The union reported long working hours for garment workers

The union reported long working hours for garment workers

Unions have called on the Mauritian government to raise the minimum wage in the garment sector and put a mechanism in place to enforce freedom of association and collective bargaining in the country.

IndustriALL Global Union leaders and workers met in Mauritius last week to take part in a joint workshop with German political foundation FES to discuss the country's garment industry supply chain.

The union highlighted issues such as long working hours for garment workers, who it said are on the lowest minimum wage in the country, often working an obligatory overtime of ten hours per week.

Participants also pointed to the difference in treatment between local and migrant workers, which IndustriALL said is illegal under national legislation.

"Most textile and garment factories are located in the country's Export Processing Zone, where trade unions do not have access to the plant to organise workers. Hence less than 5% of the 60,000 workers are unionised," the union noted.

Mauritius produces garments for export to South Africa and the US, which account for 24% and 18% of exports, respectively. The EU, however, is its largest export destination, which accounts for around 48% of exports.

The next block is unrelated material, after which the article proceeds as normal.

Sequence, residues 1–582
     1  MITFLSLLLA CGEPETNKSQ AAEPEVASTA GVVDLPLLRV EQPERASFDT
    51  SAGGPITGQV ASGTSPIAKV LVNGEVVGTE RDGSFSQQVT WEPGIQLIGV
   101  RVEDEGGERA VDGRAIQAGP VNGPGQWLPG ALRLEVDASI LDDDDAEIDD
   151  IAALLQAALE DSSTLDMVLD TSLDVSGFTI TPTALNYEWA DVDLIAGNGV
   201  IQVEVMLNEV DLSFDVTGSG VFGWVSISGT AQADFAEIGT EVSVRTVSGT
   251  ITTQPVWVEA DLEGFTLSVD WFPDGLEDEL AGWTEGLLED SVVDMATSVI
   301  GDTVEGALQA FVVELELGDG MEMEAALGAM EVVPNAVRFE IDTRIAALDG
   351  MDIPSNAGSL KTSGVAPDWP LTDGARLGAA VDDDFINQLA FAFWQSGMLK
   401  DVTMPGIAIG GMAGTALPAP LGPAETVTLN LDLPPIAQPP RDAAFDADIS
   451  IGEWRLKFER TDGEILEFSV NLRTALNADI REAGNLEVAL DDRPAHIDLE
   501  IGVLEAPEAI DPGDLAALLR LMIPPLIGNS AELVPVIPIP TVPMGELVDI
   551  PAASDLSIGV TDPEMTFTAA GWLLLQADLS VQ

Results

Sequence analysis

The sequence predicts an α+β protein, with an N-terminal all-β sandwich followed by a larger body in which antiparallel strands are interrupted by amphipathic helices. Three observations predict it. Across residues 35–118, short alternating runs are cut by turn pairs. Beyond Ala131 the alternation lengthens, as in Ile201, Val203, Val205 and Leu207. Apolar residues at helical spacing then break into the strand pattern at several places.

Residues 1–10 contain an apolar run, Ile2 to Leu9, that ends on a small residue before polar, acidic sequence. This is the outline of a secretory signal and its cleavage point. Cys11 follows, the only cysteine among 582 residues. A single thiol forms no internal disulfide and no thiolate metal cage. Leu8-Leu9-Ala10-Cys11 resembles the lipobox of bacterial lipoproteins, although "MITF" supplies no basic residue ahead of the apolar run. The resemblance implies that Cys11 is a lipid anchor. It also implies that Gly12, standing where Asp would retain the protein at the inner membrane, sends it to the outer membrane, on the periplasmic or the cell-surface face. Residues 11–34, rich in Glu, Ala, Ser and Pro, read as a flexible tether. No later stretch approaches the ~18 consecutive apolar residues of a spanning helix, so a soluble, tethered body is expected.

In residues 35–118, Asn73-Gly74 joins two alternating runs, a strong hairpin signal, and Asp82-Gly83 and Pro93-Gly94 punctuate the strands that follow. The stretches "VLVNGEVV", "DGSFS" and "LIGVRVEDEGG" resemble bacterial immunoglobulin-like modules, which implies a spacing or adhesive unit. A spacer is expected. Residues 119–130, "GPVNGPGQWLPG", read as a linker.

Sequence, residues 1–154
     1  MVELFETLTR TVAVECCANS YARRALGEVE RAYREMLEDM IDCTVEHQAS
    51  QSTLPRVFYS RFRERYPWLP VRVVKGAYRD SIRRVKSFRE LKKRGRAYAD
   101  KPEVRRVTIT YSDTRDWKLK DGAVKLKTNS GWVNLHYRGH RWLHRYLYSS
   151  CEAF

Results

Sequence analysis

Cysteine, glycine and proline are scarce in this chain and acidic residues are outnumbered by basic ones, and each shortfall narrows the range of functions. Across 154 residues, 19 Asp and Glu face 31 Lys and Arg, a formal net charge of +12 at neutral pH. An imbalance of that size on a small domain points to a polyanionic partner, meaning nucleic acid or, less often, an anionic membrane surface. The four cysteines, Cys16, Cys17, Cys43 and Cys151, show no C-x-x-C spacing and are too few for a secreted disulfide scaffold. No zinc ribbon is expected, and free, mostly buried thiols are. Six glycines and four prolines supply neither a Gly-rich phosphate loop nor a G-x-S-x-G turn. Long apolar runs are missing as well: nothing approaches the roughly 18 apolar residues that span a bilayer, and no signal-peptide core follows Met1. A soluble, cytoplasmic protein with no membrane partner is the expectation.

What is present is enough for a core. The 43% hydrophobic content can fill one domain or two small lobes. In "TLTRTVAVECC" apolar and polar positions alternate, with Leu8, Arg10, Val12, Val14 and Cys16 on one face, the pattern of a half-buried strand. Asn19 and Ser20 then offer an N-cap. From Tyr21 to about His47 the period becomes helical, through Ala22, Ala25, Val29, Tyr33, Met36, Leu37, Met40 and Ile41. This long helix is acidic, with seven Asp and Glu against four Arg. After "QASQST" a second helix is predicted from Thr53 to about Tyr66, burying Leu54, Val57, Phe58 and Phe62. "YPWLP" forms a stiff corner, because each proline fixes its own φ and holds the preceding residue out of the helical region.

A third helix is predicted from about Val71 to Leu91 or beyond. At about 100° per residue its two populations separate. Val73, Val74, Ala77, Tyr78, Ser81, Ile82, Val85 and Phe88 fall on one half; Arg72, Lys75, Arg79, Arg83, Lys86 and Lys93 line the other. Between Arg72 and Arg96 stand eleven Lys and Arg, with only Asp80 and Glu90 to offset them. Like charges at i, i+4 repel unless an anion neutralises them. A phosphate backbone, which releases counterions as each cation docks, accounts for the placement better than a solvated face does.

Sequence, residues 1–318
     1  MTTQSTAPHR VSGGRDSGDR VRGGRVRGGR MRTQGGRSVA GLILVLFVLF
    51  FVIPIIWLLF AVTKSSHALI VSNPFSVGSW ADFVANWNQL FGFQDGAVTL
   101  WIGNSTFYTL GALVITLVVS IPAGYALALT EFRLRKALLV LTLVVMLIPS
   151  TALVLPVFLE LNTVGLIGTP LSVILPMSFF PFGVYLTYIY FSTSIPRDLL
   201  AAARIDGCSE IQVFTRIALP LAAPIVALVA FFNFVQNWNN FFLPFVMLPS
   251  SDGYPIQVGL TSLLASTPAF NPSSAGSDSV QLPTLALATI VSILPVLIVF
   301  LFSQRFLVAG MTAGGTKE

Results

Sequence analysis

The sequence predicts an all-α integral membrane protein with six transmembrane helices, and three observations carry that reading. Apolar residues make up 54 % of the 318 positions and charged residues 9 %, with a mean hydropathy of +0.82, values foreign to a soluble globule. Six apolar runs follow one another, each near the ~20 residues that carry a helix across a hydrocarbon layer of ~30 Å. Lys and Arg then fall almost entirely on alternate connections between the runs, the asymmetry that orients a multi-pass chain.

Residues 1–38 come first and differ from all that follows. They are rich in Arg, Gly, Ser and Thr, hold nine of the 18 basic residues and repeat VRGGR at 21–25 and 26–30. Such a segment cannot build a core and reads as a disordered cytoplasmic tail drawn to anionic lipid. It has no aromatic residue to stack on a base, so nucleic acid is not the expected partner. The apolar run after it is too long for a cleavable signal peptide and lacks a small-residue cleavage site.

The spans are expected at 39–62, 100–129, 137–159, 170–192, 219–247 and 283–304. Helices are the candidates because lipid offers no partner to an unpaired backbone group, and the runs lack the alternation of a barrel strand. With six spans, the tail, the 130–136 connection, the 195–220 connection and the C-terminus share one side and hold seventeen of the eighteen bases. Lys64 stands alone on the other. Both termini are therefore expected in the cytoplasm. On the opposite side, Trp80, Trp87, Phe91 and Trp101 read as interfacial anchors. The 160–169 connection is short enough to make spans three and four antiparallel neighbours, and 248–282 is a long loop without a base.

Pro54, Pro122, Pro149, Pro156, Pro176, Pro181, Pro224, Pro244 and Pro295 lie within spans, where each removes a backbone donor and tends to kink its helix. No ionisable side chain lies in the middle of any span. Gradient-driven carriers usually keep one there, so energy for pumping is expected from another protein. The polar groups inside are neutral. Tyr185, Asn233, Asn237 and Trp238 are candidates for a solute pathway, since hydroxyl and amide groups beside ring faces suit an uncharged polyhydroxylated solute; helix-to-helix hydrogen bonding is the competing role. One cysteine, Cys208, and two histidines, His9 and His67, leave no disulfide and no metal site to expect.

The country has ratified the International Labour Organization’s Convention number 87 on the right to freedom of association and organise, but IndustriALL says this has not yet been implemented.

Attendees at last week's meeting concluded that the law needs amending to force freedom of association in export processing zones.

Speaking with Mauritius' new Minister of Labour, Soodesh Satkam Callichurn, participants requested that the minimum wage in the garment sector be raised, and that a mechanism is put in place to enforce freedom of association and collective bargaining in the country. They also called for the harmonising of working conditions between local and migrant workers.

"Mauritius was among the pioneers in the garment industry, long before fast fashion changed the face of the sector, and long before export processing zones were established to attract investors from around the world," IndustriALL said. "It has adapted to the changing dynamism of the garment sector through investing in the latest textile and garment technology, establishing fashion and design schools, and maintaining cheap labour through migrant workers."

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